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If one of your loved ones was doubled over with chest pain, having what appeared to be a heart attack, or witnessed someone sustain severe injuries, you would probably call 911 so they could receive medical attention as quickly as possible. What if you observed someone suddenly lose the ability to speak, move parts of his or her body or have trouble seeing? Would you react the same way? The answer is probably yes, if you recognize the symptoms of a stroke.
Knowing what symptoms to look for and reacting quickly may save a stroke victim’s life and may increase their chances for a successful recovery. Every minute counts when someone is having a stroke. Stroke patients who receive treatment in the first hour have the best chance for surviving and preventing disability. Despite the need for early diagnosis and treatment, only 25 percent of ischemic stroke patients reach the ER within an hour of the onset of symptoms.
During a stroke, the blood supply to the brain is interrupted. Brain cells in the immediate area begin to die because they stop receiving the oxygen and nutrients they need to function. This is why immediate medical attention is necessary.
There are two major kinds of stroke. The most common is called an ischemic stroke, which are caused by a blood clot that blocks or plugs a blood vessel or artery in the brain. These types of strokes may be treated with a drug called t-PA, which dissolves blood clots, if patients receive care within 4.5 hours of the stroke.
The second major type of stroke is a hemorrhagic stroke, which is caused by a blood vessel in the brain breaking and bleeding into the brain. Hemorrhagic strokes cannot be treated with t-PA. Instead, surgery is often performed to help relieve the pressure or blood clots caused by this type of stroke. In both cases, time is of the essence for successful treatment.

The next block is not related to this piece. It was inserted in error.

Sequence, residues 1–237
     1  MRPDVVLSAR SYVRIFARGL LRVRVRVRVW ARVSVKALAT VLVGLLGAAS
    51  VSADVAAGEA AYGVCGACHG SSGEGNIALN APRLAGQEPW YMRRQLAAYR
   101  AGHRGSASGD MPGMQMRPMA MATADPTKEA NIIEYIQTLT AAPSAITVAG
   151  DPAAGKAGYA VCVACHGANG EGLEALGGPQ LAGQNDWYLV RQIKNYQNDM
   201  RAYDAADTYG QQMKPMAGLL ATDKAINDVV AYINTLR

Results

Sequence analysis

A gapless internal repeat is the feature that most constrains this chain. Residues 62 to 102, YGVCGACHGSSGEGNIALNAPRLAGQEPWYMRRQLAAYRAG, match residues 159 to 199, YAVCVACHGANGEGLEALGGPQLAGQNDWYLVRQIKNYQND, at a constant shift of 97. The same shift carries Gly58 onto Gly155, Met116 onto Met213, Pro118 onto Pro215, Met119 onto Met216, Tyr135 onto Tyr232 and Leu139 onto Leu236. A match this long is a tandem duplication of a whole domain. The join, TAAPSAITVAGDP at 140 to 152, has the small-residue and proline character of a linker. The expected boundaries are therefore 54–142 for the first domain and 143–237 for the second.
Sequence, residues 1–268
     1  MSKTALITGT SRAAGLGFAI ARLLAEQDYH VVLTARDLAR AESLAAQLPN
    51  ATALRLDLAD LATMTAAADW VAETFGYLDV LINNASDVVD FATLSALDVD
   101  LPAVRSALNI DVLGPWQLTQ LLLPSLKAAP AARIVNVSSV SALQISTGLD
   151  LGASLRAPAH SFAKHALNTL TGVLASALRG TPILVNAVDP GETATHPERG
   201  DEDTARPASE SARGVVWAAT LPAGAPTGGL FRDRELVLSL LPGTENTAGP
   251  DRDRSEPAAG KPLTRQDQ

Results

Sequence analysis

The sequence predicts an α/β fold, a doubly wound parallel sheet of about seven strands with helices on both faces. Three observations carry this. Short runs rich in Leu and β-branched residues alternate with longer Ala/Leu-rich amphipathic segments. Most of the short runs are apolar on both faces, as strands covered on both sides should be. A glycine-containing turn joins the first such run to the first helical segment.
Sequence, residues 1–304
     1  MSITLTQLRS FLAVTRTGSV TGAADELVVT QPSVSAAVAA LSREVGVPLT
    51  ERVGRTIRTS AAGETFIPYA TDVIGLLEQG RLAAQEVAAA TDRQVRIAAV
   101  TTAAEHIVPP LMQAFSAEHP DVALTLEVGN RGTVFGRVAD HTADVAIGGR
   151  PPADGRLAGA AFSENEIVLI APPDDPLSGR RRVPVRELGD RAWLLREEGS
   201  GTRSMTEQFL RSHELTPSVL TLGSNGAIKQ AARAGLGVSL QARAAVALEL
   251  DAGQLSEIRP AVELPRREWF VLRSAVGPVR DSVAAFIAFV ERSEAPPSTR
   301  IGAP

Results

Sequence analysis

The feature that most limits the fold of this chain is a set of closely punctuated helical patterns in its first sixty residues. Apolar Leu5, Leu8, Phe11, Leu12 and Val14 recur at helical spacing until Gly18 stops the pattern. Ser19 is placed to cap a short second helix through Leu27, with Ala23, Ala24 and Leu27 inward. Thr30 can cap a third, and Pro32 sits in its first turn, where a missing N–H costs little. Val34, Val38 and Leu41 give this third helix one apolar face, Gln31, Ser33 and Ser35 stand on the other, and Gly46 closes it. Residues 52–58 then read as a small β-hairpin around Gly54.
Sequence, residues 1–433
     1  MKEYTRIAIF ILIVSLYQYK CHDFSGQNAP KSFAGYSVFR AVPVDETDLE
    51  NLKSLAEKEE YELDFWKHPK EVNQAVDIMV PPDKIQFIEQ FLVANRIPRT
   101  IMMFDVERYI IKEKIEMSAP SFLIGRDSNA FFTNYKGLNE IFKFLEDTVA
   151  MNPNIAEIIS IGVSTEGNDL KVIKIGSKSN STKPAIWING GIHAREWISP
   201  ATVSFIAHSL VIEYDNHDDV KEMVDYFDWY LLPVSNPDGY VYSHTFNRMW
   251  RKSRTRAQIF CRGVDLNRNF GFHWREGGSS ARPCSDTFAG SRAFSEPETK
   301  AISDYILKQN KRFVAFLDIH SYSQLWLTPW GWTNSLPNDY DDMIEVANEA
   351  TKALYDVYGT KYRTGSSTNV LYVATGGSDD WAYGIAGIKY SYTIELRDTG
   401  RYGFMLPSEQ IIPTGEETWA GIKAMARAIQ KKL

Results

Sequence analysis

There is another type of brain attack that may be a sign that an ischemic stroke is on the way. Transient ischemic attacks, or “mini-strokes,” happen when blood flow to the brain is temporarily blocked. Sufferers may experience blurry or lost vision on both eyes; tingling or numbness of the mouth, or are unable to speak clearly. The effects of TIAs may last only a few minutes, but this does not mean they should be ignored. TIAs may be predictors of strokes. It’s estimated that about 15 percent of those who have a stroke first experienced a TIA.
Besides TIAs, there are other warning signs of a stroke. They include:
Remember, not every stroke sufferer will have all of these signs, and sometimes the symptoms will go away only to return again. Call 911 right away if you or someone you know has one or more of these symptoms. The sooner medical treatment is given, the better the chances for survival and healing.